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DIY Attribution: 6 Data Hygiene Basics

Posted June 7, 2023

Welcome to another step forward in our series meant to help you design a DIY attribution model! One of the most critical steps toward getting attribution “right” is putting rigor in place around data collection. As the old analyst saying goes, “Garbage in, garbage out!” Of course, we know it’s not as simple as changing how we structure our data going forward. A lot of the work goes into fixing what was done in the past.

Andrew Sawusch, Head of Customer Operations & Onboarding, at CaliberMind, shares his insights on what needs to be done prior to implementing attribution, the concept of the virtual campaign, and some best practices when it comes to UTM parameters.

Tip 1: Decide Which Data Is Critical to Include

When we are implementing attribution, one of our first focus points is the systems we have to collect data from. For people who are thinking about building attribution themselves, the first major step is deciding which systems need to be included and how to prioritize data cleansing.

“First and most important system is where you have all your data for your accounts, your contacts, your leads, and your opportunities. When we’re onboarding customers, that is the first thing we look at. The hygiene of these records is vital – and so is the organization because everything should eventually roll up to an account. We recommend beginning with the CRM platform that you use, whether it’s Salesforce Dynamics, HubSpot, or Zoho.

“We then start uncovering where other critical information lives. Typically, there’s a marketing automation platform. If you use HubSpot or some of the combined CRM and marketing automation systems, you’ve already mapped out your marketing data because it lives in the same place as your sales data. It’s a one-stop shop. However, whether it is Pardot, Eloqua, or Marketo, we’ve seen a lot of different flavors and varieties of marketing systems that customers try to pull information from.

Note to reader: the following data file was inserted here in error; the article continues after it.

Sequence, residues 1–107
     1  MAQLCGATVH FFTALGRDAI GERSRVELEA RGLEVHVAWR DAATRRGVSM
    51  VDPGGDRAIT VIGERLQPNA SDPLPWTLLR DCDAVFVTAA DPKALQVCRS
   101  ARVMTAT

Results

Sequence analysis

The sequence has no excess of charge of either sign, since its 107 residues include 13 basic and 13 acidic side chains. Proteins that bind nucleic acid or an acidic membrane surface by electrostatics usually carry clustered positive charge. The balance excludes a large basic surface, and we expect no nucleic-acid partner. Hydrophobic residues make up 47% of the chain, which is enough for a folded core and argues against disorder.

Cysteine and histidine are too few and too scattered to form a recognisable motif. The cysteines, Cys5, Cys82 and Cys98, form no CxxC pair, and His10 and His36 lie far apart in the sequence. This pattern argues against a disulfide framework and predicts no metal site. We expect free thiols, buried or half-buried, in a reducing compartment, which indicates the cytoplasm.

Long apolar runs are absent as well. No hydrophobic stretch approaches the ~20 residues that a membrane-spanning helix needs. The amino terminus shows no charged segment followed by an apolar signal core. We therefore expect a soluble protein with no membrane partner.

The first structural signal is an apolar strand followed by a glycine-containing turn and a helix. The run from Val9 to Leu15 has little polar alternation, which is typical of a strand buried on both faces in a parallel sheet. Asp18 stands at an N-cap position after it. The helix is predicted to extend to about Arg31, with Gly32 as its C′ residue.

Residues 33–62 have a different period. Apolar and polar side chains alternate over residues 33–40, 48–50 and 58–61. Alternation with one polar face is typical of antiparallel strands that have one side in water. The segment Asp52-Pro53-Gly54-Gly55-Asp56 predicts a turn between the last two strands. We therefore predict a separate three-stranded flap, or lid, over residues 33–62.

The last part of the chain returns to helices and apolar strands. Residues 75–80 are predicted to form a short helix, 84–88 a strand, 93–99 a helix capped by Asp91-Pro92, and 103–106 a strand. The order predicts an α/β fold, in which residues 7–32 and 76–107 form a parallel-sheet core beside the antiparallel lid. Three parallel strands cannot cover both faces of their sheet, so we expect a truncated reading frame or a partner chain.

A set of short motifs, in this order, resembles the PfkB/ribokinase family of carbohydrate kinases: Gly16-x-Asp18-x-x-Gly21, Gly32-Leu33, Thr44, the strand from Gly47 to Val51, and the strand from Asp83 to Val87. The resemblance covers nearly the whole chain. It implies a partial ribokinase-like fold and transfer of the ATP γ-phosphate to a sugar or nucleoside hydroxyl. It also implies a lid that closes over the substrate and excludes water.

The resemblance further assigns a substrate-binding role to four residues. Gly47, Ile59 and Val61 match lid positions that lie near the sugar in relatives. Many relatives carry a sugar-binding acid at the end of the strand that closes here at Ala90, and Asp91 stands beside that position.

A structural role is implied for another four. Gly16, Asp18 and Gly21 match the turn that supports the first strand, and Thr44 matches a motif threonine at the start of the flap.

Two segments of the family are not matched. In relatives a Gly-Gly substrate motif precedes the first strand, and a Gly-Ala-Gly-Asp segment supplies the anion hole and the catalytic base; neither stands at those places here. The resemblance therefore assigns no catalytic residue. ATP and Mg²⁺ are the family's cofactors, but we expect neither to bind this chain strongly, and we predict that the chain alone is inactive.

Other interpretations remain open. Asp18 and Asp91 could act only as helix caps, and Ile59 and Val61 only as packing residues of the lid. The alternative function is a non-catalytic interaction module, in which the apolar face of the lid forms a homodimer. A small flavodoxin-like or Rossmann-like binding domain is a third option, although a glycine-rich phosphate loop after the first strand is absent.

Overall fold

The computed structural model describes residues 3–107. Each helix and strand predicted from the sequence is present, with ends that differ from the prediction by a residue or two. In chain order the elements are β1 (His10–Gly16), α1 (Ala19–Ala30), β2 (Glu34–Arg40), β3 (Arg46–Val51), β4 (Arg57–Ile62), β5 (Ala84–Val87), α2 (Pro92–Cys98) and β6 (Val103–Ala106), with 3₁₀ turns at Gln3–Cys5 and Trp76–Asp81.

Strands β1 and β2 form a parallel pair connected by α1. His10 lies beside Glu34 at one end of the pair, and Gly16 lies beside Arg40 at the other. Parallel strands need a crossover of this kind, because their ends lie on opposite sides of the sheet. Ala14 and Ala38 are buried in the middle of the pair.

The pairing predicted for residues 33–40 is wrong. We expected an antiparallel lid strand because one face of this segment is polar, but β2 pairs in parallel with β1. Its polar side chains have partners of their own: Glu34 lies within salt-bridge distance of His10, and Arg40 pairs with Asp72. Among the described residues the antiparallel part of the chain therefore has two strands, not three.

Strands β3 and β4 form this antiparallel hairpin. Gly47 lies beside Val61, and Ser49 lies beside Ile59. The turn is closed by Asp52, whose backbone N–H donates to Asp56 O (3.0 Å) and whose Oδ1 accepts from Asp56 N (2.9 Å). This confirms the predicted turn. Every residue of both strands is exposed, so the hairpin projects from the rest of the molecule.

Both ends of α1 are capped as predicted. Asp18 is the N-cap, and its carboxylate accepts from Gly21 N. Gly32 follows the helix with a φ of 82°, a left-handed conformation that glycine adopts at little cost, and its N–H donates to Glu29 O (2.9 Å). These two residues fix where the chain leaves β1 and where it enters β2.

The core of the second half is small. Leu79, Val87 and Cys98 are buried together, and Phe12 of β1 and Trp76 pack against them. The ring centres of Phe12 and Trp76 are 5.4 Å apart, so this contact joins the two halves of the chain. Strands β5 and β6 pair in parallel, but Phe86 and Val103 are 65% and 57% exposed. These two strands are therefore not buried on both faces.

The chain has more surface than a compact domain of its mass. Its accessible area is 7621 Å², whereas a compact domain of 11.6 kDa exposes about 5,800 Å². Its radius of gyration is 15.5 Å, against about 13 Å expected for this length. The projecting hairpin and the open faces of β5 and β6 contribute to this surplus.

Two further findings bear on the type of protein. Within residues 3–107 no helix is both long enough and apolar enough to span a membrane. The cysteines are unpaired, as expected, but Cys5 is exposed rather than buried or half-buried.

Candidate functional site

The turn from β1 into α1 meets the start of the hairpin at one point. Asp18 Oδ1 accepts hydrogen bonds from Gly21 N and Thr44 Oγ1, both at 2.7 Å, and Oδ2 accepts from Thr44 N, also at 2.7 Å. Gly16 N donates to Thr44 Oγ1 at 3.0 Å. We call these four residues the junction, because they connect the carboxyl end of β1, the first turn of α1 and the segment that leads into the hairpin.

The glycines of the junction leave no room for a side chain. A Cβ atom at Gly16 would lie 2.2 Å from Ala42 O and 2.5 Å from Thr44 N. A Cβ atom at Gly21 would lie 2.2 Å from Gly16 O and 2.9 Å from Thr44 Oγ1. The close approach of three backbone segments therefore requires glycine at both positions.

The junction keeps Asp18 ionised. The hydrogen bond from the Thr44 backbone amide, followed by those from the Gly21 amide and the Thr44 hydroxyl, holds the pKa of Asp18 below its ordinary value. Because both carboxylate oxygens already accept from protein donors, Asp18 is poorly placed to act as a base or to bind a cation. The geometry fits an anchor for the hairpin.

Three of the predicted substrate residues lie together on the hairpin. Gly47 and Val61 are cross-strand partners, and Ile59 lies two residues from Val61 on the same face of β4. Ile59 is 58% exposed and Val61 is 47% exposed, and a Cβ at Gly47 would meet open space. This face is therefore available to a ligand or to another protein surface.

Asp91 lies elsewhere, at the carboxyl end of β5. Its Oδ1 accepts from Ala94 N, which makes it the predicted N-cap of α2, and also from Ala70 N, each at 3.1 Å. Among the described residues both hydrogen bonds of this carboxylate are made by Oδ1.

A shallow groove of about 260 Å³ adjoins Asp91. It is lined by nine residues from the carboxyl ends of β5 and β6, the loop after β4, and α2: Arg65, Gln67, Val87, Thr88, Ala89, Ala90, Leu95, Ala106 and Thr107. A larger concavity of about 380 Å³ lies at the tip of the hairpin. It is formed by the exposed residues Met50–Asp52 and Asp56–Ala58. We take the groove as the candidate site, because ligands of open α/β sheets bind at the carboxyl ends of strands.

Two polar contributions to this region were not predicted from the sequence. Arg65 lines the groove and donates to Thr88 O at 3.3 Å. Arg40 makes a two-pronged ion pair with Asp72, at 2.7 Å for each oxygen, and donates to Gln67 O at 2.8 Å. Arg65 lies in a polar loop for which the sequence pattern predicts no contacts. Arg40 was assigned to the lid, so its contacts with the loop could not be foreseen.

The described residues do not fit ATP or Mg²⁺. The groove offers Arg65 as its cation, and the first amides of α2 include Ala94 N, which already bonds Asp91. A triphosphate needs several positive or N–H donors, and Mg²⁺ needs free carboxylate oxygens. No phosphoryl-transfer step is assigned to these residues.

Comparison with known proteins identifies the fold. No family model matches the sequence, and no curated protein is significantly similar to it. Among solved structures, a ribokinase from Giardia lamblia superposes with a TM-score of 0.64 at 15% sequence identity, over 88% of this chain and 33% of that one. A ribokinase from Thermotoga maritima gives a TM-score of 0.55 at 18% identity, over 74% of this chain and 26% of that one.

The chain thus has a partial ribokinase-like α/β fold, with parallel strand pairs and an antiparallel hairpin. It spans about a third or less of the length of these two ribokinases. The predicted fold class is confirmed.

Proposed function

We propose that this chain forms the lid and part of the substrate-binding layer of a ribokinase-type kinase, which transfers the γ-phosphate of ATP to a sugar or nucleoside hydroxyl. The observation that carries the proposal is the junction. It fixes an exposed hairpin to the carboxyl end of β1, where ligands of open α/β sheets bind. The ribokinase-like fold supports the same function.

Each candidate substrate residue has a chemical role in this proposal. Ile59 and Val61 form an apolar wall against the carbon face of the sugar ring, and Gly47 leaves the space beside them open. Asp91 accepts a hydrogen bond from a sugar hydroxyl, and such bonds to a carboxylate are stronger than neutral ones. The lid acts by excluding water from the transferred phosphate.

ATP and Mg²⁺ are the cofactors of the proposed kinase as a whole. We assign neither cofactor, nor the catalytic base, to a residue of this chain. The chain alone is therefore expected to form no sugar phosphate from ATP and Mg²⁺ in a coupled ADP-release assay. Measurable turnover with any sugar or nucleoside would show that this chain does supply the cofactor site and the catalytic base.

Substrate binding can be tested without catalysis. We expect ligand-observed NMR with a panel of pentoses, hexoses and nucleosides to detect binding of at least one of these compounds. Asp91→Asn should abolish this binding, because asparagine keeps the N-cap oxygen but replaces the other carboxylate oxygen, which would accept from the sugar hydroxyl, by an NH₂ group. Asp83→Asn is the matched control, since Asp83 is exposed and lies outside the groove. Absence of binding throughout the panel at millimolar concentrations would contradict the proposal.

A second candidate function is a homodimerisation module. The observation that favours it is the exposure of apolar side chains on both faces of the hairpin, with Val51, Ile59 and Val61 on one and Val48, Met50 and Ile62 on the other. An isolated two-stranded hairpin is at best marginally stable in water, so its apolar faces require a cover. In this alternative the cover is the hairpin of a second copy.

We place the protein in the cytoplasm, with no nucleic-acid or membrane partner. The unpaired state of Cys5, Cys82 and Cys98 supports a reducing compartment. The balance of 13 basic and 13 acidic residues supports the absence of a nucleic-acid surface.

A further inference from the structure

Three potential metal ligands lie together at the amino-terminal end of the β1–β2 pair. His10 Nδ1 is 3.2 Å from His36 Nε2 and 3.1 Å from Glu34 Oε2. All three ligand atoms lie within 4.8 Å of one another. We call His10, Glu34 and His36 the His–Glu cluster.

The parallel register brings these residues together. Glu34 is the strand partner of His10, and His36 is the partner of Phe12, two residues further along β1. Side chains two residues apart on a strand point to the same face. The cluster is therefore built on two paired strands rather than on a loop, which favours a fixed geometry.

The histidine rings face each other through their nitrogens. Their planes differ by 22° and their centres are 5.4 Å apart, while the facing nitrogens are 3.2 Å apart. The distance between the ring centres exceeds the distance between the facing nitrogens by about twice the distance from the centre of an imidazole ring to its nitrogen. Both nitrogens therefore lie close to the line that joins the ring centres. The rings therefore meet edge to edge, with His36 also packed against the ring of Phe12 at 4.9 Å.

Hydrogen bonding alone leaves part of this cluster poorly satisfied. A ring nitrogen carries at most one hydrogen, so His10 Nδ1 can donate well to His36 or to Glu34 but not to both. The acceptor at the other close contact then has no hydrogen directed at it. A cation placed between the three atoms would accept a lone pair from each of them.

“And then we have ad platforms. You go where some other niche platforms might be. There are so many different platforms out there. I think there are 11,000 different Martech products in the market right now. It’s unreal how many different platforms there are. And trying to connect and organize these activities so that you can make sense of them is really the most difficult part. How do all these events join and get organized along a timeline associated with a person and an account?”

Tip 2: Use Your CRM Campaign Object

As consultants, we’ve seen marketing teams live and breathe in their marketing automation platform and don’t really think about pushing campaign data to their CRM. Andrew provided some insights on what is different about the campaign structure between marketing automation and Salesforce, and why it is important to organize campaign data in the CRM.

“A platform like HubSpot documents send lists for emails, form fills, and other key digital interactions. Offline events like tradeshows, direct mail, or other activities are where platforms like Salesforce shine. Salesforce has been integrated with so many systems, including these marketing automation platforms. 

“So say you had a send list in HubSpot and have a connector that goes into Salesforce and all these individuals are added to a campaign as campaign members. You’re keeping a running tally of how those people interact with your brand. Form fills are also added to Salesforce. But within Salesforce, you also have the ability to upload offline data. Think of in-person events. You might have individuals who came to your booth, who signed up for this webinar, and registered through these different portals. All this information can be collected into the source of truth, which is the CRM.”

Tip 3: Decide Who (Contacts or Leads or Both?) to Include in Account Aggregation